Live Review: Antibalas at Nectar Lounge (2/28)

Live Reviews
Emily Slider
photo by Alan Lawrence

This past weekend, Antibalas brought their 20 year anniversary tour to Seattle for a two-night stint at the Nectar Lounge. To celebrate their longevity, the Nectar seemingly fit as many talented musicians on the stage as they could.  The opening band, Cochemea, shares several of their players with Antibalas. Cochemea’s predominant melodies came from their tenor saxophone or flute voice played by band leader, Cochemea Gastelum. Gastelum is most famously associated with the Sharon Jones & the Dap Kings, but he has also toured and recorded with the likes of Amy Winehouse, The Roots, and Beck.

Cochemea has a distinct polyrhythmic flavor which had the audience dancing when the night had barely begun to unfold. The Unsinkable Heavies followed Cochemea and brought a softer sound to the stage. Even though the sound was comparably mellow, the inclusion of a Hammond organ was a welcome sonic change. Each member took a turn being the main voice and leading the ensemble while demonstrating their musical prowess. This band clearly loves playing music together and knows their way around their instruments.

When Antibalas made their way onto the stage, the night took a theatrical turn. As well as being world-class musicians, the members of Antibalas are also superb showmen with well-choreographed movement and eccentric outfits.   Their charismatic frontman, Martin Perna, came on stage with gold makeup painted above his eyes and down his nose, with a flashy outfit to match. The entire ensemble was in coordinating earth tones with accents of gold. The custom apparel they wore was the visual manifestation of the funk they brought with their sound.

As soon as they began to play, the audience was rapt with the message being spoken from stage. Perna urged the audience to meditate daily while the horn section punctuated him – as if to agree. He began a call and response about practicing detachment then transitioned to grooving with the ensemble. A pillar of Afrobeat music is social consciousness, and Antibalas does a fantastic job using their platform to encourage love and kindness toward other people.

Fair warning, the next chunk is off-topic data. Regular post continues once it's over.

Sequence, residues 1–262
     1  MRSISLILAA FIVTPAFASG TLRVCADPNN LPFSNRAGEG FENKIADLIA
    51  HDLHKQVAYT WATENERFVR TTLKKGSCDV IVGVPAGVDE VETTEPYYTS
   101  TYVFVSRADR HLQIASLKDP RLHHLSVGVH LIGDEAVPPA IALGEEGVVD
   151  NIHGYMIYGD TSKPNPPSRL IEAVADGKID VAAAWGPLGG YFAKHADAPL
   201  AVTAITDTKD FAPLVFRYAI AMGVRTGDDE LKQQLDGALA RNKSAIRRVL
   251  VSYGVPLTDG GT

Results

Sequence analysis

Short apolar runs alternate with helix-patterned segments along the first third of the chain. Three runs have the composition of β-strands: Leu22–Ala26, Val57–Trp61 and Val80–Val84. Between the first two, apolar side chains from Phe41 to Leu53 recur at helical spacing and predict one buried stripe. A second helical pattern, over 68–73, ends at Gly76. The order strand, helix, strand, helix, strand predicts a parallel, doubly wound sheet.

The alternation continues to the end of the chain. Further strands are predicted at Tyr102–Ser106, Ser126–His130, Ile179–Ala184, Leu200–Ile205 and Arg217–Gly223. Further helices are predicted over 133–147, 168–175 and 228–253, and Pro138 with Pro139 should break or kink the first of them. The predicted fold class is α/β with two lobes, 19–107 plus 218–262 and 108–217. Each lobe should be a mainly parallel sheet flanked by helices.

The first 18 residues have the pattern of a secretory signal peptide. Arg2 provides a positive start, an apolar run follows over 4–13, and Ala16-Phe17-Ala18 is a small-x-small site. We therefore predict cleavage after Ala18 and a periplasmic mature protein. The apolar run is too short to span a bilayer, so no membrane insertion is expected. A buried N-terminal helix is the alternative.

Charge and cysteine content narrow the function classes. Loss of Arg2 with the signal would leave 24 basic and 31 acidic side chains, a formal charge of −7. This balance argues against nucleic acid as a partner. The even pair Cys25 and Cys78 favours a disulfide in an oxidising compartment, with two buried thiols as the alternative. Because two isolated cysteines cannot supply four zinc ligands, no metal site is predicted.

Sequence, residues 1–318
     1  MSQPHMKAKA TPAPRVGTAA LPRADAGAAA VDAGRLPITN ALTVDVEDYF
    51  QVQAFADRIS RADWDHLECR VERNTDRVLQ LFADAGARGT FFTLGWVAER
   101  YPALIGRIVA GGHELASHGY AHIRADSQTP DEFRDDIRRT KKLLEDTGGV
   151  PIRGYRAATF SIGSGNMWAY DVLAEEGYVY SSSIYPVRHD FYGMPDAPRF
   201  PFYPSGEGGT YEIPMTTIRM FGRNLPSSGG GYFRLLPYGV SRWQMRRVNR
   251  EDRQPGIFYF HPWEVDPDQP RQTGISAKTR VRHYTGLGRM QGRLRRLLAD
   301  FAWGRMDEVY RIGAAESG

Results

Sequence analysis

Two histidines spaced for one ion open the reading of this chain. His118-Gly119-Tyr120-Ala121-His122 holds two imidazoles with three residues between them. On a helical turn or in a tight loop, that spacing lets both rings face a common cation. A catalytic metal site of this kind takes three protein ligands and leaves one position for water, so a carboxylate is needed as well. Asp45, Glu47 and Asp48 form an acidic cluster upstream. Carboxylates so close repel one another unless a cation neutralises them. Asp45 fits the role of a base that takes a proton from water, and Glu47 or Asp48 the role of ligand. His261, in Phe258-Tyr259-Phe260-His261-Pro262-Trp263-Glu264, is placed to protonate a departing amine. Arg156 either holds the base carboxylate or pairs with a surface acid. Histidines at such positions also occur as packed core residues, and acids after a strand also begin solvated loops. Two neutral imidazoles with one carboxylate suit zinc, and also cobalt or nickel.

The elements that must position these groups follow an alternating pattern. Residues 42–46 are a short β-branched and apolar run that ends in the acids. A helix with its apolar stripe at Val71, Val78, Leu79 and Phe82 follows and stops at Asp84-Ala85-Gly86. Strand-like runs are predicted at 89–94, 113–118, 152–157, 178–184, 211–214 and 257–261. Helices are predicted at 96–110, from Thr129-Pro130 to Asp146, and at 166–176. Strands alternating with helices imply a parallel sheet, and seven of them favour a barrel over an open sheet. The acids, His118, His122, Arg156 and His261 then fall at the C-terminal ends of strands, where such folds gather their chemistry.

Perna encouraged everyone to dance and demonstrated how to properly move to the music. He would swing his hips, wait for the audience to follow his movement, and swing his hips another way, thus getting everyone in the crowd to boogie along with him. He brought a few women from the audience onstage to shake to their music, and they pulled everyone deeper into the groove of the night. Antibalas played the best bops from their extensive catalog as well as new material from upcoming albums. Each player was given a chance to strut in the spotlight and be the lead voice.

The amount of talent on stage could not be restrained; and during a danceable trombone solo at the beginning of their song “Dirty Money,” the trombone player jumped off stage and improvised from the pit. Everyone in the band was there to have a great time and play great music, so the inclusion of the audience felt like an added bonus. Antibalas attracts its audience with quality afrobeat music, but listening without seeing the band live robs you from a complete musical experience. They filled the Nectar lounge with unbridled energy and talent. Their 20 year anniversary tour is an impressive feat, but hopefully it is only one of the first of many milestones for Antibalas as they continue to play and tour together.

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